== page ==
Angling for an advantage in gender politics

WASHINGTON - She has no stamina. She shouts. She's got nothing going for her but being a woman.

Donald Trump, after toying with gender politics off and on during the campaign, is all in on a mission to undercut Hillary Clinton's credentials by syncing up his say-anything campaign strategy with his alpha-male persona.

The same Republican presidential candidate who mocked "little" Marco Rubio, dismissed "low-energy" Jeb Bush, and promises to "cherish" and "protect" women as president is dismissing the former senator, secretary of state and first lady as little more than a token female who's playing the "woman's card."

"Frankly, all I'm doing is stating the obvious," Trump insisted, when pressed about whether his latest Clinton takedowns were sexist. "Without the woman's card, Hillary would not even be a viable person to run for city council."

That message may resonate with one subset of the electorate and touch off outrage with another. But for many other voters, Trump's line of attack is simply baffling when America is trying to deal with far more complex matters of gender, such as gay marriage and transgender rights.

"It's a very simplistic notion of gender," said Debbie Walsh, director of the Center for American Women and Politics at Rutgers University. She said Trump is "putting out there a notion of masculinity" that fits with popular images of the presidency. "He is playing the gender card but not connecting it to policy, instead connecting it to his own macho image and his bravado."

Trump's issues with women in the campaign extend well beyond Clinton.

He has mocked the face of onetime GOP rival Carly Fiorina, who is now Cruz's running mate. He's retweeted an unflattering image of Heidi Cruz, the Texas senator's wife, juxtaposed with a glamorous photo of his wife, Melania. He engaged in a long-running dispute with Megyn Kelly of Fox News in which he dismissed her as a "lightweight" and "bimbo," and described her at one point as having "blood coming out of her eyes, blood coming out of her wherever." He was just as unfiltered in his thoughts about women and their appearances before entering politics.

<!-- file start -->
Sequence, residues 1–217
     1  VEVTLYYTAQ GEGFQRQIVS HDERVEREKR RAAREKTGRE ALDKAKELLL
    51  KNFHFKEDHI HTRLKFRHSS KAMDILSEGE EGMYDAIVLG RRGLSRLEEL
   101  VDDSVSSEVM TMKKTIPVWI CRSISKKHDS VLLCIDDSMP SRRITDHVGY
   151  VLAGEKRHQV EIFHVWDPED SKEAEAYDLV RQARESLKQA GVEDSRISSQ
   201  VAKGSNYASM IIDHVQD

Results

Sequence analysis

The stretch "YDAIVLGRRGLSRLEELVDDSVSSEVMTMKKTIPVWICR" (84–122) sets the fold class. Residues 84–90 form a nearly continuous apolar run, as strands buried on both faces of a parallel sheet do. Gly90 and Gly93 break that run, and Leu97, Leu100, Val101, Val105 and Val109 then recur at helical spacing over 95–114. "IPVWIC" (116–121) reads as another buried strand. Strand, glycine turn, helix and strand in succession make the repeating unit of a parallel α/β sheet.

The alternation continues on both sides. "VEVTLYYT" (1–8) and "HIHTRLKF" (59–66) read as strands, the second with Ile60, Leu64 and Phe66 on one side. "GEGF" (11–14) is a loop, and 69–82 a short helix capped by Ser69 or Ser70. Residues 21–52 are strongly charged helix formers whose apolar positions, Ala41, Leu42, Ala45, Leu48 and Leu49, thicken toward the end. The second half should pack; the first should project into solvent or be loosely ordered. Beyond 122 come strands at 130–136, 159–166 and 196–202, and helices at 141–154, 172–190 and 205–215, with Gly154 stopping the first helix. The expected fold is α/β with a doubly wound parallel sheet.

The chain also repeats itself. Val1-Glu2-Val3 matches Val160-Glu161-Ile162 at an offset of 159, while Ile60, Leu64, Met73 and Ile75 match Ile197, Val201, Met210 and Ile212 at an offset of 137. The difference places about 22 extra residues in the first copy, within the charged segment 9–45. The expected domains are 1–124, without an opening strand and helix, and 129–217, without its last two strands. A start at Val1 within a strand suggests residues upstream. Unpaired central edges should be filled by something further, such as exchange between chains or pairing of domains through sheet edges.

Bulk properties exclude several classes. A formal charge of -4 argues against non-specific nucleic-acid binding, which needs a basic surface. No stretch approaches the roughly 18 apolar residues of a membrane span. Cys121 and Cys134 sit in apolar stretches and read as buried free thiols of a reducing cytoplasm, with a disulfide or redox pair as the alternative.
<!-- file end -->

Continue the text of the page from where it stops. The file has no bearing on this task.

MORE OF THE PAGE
None of this has seemed to bother Trump's loyal followers in the GOP primaries. But it could be a different matter in the general election, when Republican candidates typically suffer from a gender gap. In every presidential election since 1980, a greater proportion of women than men preferred the Democratic candidate.

"The challenge for Republican candidates has been trying to make some inroads into that women's vote," Walsh said. "And it's hard to imagine that Donald Trump, as of right now, is well positioned to be the Republican candidate to make those inroads, given the things that he's said."

Clinton is betting on gender.

After playing down women's issues in her 2008 campaign against Barack Obama, this time Clinton is embracing the historic nature of her candidacy and playing up her roles as grandmother and longtime advocate for women. She happily addressed Trump's accusations that she was making much of her candidacy as a woman.

"If fighting for women's health care, and paid family leave, and equal pay is playing the woman card," she said, "then deal me in."